During Lent, fasting from sin not foods New focus: For many Christian faithful, the emphasis in this religious season has become spiritual reform instead of physical sacrifice.

March 29, 1996|By Ginger Thompson | Ginger Thompson,SUN STAFF

Ann Coster, a Roman Catholic who lives in Reisterstown, says that even at age 63 she succumbs to peer pressure and joins friends in office gossip. But since Lent began five weeks ago, she's tried to walk away. She's striving, she says, to "act more like Christ."

Dr. DeeDee Mazyck, an Episcopalian from Columbia, has given up watching daytime soap operas for Lent. A retired pediatrician, she acknowledges that the soaps are filled with mindless intrigue and sex scenes. Still, she says, the programs can "draw you in and become too much a part of your life."

For many Christians, Lent has changed from a season for making physical sacrifices -- giving up some foods, cigarettes or chocolate -- to a time to focus on spiritual reform.

The six-week period, a symbolic re-enactment of the 40 days of prayer and temptation that Jesus spent in the desert, ends next week on Good Friday. (For Eastern Orthodox Christians, Lent ends a week later.)

To hear many people tell it, fasting from sin is much more difficult than the traditional fasting from food.

"It's been a real struggle," says Mrs. Coster, who works in sales at a Westminster medical and surgical supplies store.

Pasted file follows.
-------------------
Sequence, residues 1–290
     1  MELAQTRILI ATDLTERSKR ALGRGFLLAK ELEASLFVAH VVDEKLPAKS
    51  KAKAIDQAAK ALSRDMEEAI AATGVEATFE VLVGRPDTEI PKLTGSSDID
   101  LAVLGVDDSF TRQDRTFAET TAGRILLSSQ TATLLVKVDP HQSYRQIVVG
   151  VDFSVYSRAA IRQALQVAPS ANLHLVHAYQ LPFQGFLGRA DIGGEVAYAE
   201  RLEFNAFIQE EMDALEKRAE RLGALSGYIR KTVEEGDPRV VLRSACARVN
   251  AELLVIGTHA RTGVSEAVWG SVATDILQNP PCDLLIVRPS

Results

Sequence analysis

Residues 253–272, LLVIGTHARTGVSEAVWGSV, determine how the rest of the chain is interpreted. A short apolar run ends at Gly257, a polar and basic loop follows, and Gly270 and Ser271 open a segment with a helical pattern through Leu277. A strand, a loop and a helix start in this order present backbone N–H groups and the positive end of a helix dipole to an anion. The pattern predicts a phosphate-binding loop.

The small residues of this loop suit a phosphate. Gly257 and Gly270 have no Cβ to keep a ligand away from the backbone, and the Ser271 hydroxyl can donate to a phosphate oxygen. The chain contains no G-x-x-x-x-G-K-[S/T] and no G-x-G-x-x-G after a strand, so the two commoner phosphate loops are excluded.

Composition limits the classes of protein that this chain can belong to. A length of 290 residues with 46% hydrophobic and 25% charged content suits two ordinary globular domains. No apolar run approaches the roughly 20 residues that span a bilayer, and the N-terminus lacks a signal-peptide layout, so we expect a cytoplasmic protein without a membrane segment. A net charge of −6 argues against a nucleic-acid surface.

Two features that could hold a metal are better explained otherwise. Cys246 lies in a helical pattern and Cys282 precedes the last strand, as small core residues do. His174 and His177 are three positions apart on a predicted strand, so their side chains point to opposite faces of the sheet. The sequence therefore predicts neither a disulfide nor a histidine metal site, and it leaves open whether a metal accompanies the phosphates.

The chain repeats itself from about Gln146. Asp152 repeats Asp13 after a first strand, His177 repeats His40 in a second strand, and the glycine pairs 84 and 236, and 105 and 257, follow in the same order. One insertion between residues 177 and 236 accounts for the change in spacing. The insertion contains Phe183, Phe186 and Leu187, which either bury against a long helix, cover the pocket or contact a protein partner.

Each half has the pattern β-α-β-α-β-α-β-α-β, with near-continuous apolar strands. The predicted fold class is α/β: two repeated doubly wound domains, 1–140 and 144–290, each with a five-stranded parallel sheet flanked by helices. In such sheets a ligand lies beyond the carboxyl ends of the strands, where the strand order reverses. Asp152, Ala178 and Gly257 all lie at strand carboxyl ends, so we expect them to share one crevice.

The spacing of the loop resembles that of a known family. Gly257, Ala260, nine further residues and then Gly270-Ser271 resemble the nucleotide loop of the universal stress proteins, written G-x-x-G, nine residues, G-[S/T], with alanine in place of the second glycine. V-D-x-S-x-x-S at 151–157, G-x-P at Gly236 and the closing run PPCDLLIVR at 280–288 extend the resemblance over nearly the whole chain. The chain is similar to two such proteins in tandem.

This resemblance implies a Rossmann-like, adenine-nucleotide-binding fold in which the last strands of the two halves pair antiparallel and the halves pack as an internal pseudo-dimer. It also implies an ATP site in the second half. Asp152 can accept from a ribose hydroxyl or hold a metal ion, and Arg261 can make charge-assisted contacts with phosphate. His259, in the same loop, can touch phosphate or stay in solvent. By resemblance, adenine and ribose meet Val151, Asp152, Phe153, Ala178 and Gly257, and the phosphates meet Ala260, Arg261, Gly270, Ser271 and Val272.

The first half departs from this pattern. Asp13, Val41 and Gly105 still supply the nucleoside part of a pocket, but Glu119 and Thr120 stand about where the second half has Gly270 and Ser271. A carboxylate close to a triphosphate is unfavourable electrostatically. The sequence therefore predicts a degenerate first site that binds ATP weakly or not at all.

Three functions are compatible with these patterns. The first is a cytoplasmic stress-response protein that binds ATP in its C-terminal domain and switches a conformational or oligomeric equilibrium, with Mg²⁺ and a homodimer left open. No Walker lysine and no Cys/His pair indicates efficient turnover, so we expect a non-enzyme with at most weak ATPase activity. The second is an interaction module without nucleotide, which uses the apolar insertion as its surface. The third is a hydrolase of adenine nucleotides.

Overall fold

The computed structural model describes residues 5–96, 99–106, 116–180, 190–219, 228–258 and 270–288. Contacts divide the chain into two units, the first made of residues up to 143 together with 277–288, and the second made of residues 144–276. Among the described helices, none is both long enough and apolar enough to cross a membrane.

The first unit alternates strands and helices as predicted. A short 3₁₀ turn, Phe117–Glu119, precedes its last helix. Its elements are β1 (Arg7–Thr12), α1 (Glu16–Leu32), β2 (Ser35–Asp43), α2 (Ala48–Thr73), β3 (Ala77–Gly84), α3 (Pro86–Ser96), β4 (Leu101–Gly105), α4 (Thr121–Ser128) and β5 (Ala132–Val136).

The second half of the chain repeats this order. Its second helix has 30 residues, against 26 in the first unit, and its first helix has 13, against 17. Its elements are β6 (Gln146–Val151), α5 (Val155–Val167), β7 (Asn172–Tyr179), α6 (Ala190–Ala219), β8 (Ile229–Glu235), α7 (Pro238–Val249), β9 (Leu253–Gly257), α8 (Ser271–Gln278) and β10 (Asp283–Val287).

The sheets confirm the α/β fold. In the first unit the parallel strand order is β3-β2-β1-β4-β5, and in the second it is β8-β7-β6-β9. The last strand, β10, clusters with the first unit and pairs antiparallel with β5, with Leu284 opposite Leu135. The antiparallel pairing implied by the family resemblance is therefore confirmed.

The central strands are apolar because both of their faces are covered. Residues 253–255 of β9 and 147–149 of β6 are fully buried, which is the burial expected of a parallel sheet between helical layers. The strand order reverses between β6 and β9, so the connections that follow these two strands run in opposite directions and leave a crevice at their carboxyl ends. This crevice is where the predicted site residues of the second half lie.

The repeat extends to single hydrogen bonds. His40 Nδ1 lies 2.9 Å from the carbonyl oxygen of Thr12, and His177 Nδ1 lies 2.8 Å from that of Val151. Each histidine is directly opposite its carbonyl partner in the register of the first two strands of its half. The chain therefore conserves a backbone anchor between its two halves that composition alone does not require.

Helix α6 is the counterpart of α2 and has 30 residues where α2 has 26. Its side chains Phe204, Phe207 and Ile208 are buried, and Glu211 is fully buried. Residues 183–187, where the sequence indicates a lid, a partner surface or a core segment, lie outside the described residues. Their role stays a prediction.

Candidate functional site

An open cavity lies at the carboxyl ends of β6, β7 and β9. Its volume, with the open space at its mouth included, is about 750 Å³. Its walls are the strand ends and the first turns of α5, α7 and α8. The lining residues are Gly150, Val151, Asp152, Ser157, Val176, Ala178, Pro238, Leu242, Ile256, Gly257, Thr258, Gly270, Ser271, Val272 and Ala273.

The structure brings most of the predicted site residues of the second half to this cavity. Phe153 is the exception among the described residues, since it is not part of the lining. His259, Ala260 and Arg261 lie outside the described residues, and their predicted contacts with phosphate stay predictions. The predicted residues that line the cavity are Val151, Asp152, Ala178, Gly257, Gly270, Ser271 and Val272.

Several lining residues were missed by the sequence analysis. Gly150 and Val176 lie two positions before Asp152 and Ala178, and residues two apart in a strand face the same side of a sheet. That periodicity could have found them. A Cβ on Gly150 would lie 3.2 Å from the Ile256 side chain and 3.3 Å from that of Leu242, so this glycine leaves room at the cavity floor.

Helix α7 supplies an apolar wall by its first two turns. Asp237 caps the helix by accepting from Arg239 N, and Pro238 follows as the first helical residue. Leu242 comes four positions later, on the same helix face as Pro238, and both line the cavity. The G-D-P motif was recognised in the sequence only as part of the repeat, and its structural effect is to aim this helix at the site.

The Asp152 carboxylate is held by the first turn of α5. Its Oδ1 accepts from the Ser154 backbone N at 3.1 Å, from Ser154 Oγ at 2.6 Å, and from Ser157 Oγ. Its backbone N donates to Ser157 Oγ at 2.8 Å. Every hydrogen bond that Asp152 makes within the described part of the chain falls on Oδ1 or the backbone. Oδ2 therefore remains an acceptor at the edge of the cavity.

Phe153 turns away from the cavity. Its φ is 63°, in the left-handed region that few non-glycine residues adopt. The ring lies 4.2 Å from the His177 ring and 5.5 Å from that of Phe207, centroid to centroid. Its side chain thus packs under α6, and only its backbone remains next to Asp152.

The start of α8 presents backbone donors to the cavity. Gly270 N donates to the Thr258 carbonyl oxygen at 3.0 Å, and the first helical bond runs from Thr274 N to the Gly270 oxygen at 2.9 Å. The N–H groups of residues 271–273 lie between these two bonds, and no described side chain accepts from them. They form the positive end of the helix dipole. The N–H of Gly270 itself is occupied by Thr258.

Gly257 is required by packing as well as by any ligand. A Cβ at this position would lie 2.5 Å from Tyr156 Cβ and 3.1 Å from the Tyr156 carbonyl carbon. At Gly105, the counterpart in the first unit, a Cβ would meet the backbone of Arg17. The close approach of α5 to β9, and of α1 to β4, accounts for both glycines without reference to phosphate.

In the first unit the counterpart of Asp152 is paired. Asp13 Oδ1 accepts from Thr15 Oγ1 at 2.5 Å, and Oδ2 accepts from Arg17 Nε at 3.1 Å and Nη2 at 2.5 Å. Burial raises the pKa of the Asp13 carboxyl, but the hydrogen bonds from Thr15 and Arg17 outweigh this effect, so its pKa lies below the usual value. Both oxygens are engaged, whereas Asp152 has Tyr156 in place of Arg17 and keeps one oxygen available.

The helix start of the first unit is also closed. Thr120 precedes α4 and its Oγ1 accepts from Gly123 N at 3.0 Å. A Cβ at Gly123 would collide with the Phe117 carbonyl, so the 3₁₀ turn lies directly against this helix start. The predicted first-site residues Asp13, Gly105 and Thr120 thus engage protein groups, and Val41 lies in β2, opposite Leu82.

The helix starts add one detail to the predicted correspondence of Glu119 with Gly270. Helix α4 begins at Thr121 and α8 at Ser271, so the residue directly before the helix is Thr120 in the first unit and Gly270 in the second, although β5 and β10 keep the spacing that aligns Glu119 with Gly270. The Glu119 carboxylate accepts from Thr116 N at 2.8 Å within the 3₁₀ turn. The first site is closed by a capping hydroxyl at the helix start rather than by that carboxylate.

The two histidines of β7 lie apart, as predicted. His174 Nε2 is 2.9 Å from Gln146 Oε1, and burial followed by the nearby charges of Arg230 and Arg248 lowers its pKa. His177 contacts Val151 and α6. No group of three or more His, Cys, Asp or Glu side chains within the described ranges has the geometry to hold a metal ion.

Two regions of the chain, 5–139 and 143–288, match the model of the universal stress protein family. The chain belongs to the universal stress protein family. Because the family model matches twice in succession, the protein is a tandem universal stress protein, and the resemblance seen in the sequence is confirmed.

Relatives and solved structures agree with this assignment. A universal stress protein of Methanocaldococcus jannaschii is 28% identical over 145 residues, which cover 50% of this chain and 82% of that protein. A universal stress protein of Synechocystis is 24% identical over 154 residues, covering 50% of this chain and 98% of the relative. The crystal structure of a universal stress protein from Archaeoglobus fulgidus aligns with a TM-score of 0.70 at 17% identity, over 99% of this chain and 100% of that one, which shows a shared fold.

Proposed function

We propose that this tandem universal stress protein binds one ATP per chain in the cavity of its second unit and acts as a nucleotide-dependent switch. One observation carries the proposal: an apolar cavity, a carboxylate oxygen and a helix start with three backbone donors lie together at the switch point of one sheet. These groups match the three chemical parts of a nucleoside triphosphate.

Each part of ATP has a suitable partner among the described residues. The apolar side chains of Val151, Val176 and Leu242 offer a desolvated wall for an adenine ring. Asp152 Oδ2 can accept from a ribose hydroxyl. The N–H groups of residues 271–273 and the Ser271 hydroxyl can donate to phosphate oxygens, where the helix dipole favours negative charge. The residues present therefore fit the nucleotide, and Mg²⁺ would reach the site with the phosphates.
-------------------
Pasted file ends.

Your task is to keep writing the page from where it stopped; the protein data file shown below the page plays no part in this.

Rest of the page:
"You know how people get together at lunch and start talking bad about people, and if you don't join in you stand out. It makes you feel odd. You can really alienate people because they think you're some goody-goody."

She adds, "Can you imagine I'm still acting that way?"

Historically, Lent has been marked by fasts from meat, oil and dairy products to purify Christians' bodies in preparation for celebrating the resurrection of Christ. However, rules on fasting for Roman Catholics were eased about 30 years ago as a result of Vatican II. Slowly since then, clergy have encouraged their congregations to make Lenten observances that emphasize purification of the heart.

Priests and ministers today are more likely to ask parishioners to volunteer at a food bank or to give up shopping than they are to ask that people stop smoking or drinking.

The Rev. Myron Manzuk of St. Andrew's Church, Orthodox Church in America, says Russian and Greek Orthodox clergy continue to ask their congregations to fast during the entire Lenten season. However, the East Baltimore priest also asks members of his church to make sacrifices that build virtue.

"Often when people fast, there is no difference in their attitude. They fast for Lent just the same as they fast to lose weight," the priest says. "I tell people that it's not only what they put in their mouth that's bad, it's what comes out."

Trixie Ryan, 51, who attends St. James' Episcopal Church in Lothian, says the shift has made Lent more meaningful to her.

"Now I see that sacrifice is not meant as a punishment," she says. "It's meant to make you focus on your blessings."